By Richard Winters
My Rating: 7 out of 10
4-Word Review: Hypochondriac thinks he’s dying.
Seriously funny story about hypochondriac George (Rock Hudson) overhearing a conversation from his Dr. (Edward Andrews) about one of his patients having only a short time to live and mistakenly thinking he was talking about him. He decides to set his beautiful wife Judy (Doris Day) up with another potential mate before he leaves, but she starts to get the idea that this is all just a cover-up for an affair that she thinks he is having, which creates all-out calamity.
Screenwriter Julius J. Epstein, who based this on the stageplay of the same name, hits all the right cylinders. The comedy shifts smoothly between engaging banter, parody, satire, and action. One of the best moments comes at the beginning with animated sequence of commercial parodies.
Hudson is great. Playing a dopey guy lost in his own little world works with his acting style. He and Day have a good chemistry and it is a shame that this was the third and last film that they did together.
The supporting cast is at the top of their game. Andrews is funny as the flippant Dr. Paul Lynde is also amusing as an aggressive cemetery plot salesman. Tony Randall is the funniest as George’s long-suffering friend Arnold. His new found fetish of ‘feeling tables’ is hilarious as is his frequent revisions of George’s eulogy, which he reads to him to ‘cheer him up’. Although actor Clint Walker isn’t funny in his performance the shot showing this giant of a man getting out of one of the smallest cars you’ll ever see is a crazy sight.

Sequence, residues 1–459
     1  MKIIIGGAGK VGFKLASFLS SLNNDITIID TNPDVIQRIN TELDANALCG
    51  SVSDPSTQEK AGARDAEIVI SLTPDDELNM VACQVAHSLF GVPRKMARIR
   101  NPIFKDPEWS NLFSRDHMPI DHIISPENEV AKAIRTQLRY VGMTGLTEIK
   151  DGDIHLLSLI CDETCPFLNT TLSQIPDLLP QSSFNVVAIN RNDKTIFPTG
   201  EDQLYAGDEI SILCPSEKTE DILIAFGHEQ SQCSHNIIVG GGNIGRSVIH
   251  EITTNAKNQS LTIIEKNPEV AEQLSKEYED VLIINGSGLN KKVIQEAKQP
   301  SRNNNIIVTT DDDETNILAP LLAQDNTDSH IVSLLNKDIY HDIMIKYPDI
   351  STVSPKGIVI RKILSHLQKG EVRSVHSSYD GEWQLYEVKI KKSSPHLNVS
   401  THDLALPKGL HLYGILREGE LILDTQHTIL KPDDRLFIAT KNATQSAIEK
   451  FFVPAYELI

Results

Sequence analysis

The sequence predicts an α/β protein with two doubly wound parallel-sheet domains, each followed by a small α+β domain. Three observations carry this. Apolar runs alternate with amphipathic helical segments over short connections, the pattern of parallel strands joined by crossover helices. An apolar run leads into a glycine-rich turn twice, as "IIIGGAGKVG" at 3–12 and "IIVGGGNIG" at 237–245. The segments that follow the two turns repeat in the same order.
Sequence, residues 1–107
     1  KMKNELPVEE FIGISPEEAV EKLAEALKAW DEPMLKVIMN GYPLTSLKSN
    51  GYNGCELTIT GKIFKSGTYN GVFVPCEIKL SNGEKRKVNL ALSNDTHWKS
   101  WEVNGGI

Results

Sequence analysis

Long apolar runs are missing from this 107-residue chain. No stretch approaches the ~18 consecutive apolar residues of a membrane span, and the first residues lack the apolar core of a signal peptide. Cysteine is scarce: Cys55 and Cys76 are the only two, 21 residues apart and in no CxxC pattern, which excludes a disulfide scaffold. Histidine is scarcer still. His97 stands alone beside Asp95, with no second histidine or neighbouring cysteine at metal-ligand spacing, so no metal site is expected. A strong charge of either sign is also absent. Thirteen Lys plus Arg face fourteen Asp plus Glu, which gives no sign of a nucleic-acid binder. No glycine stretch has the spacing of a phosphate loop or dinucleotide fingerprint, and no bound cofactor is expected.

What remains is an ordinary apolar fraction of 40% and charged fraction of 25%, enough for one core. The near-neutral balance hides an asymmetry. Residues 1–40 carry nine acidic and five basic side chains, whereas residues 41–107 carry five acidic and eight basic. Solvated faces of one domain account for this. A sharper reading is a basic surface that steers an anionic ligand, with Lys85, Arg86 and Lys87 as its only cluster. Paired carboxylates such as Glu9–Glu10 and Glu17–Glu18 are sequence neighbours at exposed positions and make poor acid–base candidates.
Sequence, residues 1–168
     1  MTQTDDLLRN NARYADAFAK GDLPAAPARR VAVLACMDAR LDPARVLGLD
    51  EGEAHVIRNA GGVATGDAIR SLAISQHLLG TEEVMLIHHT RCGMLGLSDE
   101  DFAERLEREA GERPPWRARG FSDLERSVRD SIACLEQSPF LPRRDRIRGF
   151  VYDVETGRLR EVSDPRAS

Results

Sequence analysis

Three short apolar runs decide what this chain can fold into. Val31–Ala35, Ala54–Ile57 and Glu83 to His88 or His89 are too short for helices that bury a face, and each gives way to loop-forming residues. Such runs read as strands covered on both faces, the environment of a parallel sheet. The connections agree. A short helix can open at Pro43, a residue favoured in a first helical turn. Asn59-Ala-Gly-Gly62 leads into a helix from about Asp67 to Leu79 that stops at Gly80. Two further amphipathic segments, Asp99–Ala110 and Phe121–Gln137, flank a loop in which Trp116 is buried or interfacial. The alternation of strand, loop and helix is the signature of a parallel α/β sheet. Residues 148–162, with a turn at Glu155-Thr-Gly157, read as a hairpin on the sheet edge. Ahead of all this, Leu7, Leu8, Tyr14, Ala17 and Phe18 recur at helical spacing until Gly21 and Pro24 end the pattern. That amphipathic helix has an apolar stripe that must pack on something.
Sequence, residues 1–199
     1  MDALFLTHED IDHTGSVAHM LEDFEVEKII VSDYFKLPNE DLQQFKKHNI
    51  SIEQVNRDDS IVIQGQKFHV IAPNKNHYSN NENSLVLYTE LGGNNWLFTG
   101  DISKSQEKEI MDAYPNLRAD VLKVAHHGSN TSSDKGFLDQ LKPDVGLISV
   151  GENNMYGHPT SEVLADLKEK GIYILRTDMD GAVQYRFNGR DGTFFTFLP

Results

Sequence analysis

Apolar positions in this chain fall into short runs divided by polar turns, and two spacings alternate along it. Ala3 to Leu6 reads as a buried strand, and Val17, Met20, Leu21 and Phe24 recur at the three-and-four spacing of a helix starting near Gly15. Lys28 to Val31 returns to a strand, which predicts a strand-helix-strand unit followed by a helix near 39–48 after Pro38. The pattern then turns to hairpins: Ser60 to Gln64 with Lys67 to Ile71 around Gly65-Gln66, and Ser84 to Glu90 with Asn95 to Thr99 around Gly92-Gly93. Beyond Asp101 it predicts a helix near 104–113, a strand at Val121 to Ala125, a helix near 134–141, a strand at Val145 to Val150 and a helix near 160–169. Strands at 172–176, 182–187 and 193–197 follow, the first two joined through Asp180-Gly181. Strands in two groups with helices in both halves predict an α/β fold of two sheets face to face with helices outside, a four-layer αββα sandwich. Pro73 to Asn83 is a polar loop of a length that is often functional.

Day is energetic and gorgeous as ever and I liked her opening title tune in which she sounds almost like Lesley Gore. However, the best moments go to the rest of the cast and she is left with slapstick segments that have nothing to do with the story. The scene where she takes all of George’s medications from the medicine cabinet and puts them into a bucket, which she then dumps onto his head while standing on a balcony is good, but the rest of her scenes don’t really gel.
One scene with her gets botched and involves her driving an out-of-control golf cart. The close-up shots make it obvious that she is in front of a blue screen and not really driving it to begin with. However, there is a moment where she drives through a bunch of sprinklers which makes her hair all wet and matted down, but then the camera cuts to some long shots showing her hair is still dry and fluffy, which exposes the fact that it was being driven by a stunt double wearing a wig.
There is another segment where she gets into a car and starts it up and even backs it out a little before she realizes that it is not her car. Another scene later on has George doing the same thing with another stranger’s car. Both times it is because the keys were conveniently left in the ignition, but how many times does this occur in real life? Since neither of these segment had anything really to do with the story and weren’t all that funny I would have left it out since both moments especially to happen twice are implausible.
The movie ends with a shot of the empty medicine cabinet while the credits scroll over it. Supposedly this was used to symbolize that George was now ‘cured’ of his hypochondria and no longer needed all of the medications, but mental illness is not something that just goes away and I thought it would have been funnier had medicines started to pop back into the cabinet until it became full again.
My Rating: 7 out of 10
Released: October 14, 1964
Runtime: 1Hour 39Minutes
Director: Norman Jewison
Available: VHS, DVD, Amazon Instant Video